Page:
North Korea Blows Up One of Their Own Cities But There Is a Bigger Lesson

On April 28, the North Koreans tested what was billed as a new variety of ballistic missile. Like so much North Korean engineering, it was suboptimal:

North Korea launched a missile on Saturday, even as the United States and China have been seeking to curb the North’s military ambitions. But the test ended in failure, the South Korean military said. It was the second consecutive failure in the past two weeks.

The missile took off from a location near Pukchang, northeast of Pyongyang, the North Korean capital, the South Korean military said in a statement. It did not identify what type of missile was launched.

Cmdr. Dave Benham, a spokesman for the United States Pacific Command, said the American military had “detected what we assess was a North Korean missile launch” from near the Pukchang airfield.

“The missile did not leave North Korean territory,” Commander Benham added. “The North American Aerospace Defense Command determined the missile launch from North Korea did not pose a threat to North America.”

The missile flew only “for several minutes” to the northeast, reaching an altitude of 44 miles, the South Korean military said. It provided no further details.


Now we have more information. Showing that you don’t have to be the CIA to do competent analysis anymore, a series of North Korean images were geolocated.

Using the images of the April 28 test from the Hwasong-14 ICBM celebration concert, we were able to geolocate one of the scenes to the southeastern entrance of of the underground hangar at the Pukchang Airfield. The scene above shows Kim Jong-un inspecting the new IRBM in an underground hangar (1), images of the launch and Kim Jong-un at his viewing position (2), and an image taken right outside of the underground hangar (3).

From this starting point, they were able to find the point of impact: the small city of Tokchon.

And it made a mess:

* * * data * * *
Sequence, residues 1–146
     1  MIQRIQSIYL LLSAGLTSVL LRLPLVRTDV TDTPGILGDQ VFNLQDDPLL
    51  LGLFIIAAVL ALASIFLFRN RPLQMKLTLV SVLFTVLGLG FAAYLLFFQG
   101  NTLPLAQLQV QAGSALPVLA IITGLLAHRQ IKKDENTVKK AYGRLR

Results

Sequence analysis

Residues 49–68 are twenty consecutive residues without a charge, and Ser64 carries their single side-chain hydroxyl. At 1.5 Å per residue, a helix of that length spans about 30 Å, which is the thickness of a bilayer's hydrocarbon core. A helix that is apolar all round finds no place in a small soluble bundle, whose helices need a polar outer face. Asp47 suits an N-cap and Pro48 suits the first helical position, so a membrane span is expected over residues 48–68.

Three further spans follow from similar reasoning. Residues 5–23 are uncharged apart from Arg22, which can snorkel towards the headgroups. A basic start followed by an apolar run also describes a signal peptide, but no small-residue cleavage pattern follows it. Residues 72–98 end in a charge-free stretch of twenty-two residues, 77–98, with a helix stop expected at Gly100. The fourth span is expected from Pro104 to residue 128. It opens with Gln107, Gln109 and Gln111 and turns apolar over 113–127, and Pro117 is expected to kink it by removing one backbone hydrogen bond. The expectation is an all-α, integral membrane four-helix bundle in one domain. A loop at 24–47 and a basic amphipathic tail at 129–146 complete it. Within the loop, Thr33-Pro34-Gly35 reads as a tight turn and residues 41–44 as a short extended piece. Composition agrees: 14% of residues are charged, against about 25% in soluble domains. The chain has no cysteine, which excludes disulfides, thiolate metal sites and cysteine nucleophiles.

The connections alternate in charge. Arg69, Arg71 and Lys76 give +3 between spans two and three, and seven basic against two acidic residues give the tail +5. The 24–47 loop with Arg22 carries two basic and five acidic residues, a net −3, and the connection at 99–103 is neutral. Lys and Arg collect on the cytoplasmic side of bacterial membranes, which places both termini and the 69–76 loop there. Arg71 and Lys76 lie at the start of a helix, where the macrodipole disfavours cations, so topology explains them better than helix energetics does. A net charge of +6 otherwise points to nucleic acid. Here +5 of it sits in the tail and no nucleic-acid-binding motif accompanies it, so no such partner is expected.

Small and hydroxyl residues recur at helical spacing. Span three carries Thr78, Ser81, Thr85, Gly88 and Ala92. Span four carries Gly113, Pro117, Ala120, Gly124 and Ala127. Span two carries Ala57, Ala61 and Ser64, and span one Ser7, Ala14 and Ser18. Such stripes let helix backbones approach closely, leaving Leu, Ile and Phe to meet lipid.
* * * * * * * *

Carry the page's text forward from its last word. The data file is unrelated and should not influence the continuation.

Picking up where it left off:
The authors of this piece try to portray this launch as some sort of a major success for Kim Jong Un. It wasn’t. It was a monumental failure. But, just like the Soviet analysts of a bygone era, the current crop of “arms control” researchers are so enamored with North Korea and so loathe the United States that everything is a success. The people on the ground on Takchon don’t think this was a success. The members of the ruling clique don’t think this was a success.


This blowing up of a North Korean town simply underscores much of what we’ve observed about the North Korean missile program. The reach is exceeding the grasp. The ambitions of the rulers outstrip the abilities of North Korean engineers and industry. Over eighty percent of their ballistic missile launches fail. To date, there has not been a successful test of a re-entry vehicle. None of this is to say North Korea is not a danger, it is, only to say that it is not the danger its fluffers would have you believe. And, of course, inevitably they will solve the manufacturing and engineering problems.

But there is a cautionary tale here. In the late 1970s, North Korea ran a national mobilization exercise that simulated going to war with the South. Western intelligence discovered it some six months after the fact. Here we have a ballistic missile falling on a populated area, and eight months later no Western intelligence agency has reported on it.

How much do we really know about what is happening in North Korea if this is the case?


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